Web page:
Informations and abstract
Keywords: Transnational Migration; Transnational Motherhood and Fatherhood; Gender; Emotions.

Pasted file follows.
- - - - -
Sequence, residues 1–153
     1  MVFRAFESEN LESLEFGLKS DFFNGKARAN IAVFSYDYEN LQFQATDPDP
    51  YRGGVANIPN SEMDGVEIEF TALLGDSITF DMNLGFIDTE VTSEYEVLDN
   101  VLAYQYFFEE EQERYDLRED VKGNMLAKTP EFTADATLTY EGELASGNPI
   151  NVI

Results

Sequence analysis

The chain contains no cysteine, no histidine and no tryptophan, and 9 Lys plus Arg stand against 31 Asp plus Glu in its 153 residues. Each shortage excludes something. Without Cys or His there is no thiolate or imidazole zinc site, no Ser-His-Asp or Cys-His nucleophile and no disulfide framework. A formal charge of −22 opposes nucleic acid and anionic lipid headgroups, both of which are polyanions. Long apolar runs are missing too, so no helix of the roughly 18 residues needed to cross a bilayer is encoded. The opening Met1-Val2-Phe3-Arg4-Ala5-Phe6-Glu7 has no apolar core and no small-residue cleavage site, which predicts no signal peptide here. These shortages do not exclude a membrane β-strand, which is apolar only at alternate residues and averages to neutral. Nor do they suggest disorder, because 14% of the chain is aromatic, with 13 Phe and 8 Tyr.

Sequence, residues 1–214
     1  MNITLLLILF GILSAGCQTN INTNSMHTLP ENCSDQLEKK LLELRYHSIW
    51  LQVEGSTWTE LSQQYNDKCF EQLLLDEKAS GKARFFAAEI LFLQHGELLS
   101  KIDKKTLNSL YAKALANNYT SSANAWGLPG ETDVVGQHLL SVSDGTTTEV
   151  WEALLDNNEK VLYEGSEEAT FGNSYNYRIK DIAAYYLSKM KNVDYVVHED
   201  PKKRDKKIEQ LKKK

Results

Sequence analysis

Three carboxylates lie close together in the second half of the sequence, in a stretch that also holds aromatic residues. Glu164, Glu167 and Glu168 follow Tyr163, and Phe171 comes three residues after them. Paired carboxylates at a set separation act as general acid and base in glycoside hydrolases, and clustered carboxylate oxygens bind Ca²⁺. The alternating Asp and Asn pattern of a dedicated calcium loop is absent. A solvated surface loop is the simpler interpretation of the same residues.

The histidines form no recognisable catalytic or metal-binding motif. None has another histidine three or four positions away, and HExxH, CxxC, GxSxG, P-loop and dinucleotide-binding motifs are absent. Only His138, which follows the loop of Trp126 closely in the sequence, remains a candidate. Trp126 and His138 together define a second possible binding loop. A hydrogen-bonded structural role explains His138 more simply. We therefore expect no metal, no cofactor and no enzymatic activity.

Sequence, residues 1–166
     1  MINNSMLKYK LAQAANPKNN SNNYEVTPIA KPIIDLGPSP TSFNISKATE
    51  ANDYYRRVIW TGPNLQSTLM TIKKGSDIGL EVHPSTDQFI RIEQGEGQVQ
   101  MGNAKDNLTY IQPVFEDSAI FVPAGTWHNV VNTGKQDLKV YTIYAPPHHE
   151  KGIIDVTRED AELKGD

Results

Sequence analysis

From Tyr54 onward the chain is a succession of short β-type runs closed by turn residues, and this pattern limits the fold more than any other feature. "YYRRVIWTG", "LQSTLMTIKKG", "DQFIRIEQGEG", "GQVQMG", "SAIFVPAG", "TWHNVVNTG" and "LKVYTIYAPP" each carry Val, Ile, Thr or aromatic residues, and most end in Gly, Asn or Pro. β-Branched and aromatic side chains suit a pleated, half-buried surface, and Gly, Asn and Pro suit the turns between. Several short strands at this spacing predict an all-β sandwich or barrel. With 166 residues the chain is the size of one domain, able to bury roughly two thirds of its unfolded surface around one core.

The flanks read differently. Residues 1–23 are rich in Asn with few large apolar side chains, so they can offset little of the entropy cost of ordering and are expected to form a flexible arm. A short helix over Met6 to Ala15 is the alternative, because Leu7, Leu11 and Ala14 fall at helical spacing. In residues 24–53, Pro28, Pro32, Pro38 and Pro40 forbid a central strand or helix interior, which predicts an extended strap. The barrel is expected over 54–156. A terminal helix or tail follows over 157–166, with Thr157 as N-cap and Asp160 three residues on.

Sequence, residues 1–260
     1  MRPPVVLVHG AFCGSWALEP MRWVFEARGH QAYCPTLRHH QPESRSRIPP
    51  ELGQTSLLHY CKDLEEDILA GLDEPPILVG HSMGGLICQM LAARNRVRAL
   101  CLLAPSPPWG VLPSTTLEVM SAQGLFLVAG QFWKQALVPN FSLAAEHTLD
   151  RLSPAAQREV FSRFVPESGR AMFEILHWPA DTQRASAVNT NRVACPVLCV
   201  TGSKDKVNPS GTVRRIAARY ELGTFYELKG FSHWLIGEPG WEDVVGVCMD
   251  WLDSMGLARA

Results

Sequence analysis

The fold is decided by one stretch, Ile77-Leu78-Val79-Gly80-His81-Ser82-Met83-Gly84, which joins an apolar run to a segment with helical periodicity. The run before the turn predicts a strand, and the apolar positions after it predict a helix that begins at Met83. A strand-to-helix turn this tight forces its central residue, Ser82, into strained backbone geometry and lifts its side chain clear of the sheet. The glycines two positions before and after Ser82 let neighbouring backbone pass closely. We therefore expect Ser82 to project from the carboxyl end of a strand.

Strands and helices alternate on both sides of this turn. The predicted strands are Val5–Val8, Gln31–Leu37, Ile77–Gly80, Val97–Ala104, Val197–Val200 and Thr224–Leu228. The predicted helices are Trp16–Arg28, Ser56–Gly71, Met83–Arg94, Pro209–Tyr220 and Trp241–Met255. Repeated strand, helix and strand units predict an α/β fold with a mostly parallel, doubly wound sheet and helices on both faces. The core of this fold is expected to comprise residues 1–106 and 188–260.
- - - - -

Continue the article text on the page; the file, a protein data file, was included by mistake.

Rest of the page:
This paper aims to analyse transnational families from a not common point of view: the emotional dimensions on stage in transnational mothers' and fathers' accounts. International literature seldom analyses emotional costs on migrant men (Montes 2013), hardly represented as fathers. The transnational fatherhood is, in fact, with a few exceptions (Abbatecola 2010; Carling and Schmalzbauer Menjivar 2012; Dreby 2006) generally invisible to the eye. The attention to female first-migrants, by contrast, seems mostly focused on the absence of mothers (Ambrosini 2008; Lagomarsino 2006), crushed by processes of scapegoating - strangers to the fathers (Parrenas 2004) - that seem to emerge in the accounts as subjective emotions. The purpose of this paper is, therefore, to give visibility to the emotions narrated by transnational fathers and mothers, drawing from the results of a qualitative study: 30 life stories of transnational parents from Ecuador and Peru (20 mothers and 10 fathers with children at home or reunited in the four years preceding the interview) and 5 semi-structured interviews with key informants. More specifically, I intend to develop the article along three main paths: The differences between emotions narrated by transnational mothers and fathers with respect to different aspects of parenting at a distance (separation and meeting; reconstruction of the relationship after long gaps); The emotions that you can not tell in the light of an emotional culture (Gordon 1981) whose emotional codes are strongly characterized from the point of view of gender (mother's disaffection and freedom to leave children as a choice); The emotions of researchers as a reaction of emotions narrated, also not neutral with respect to narrator's gender.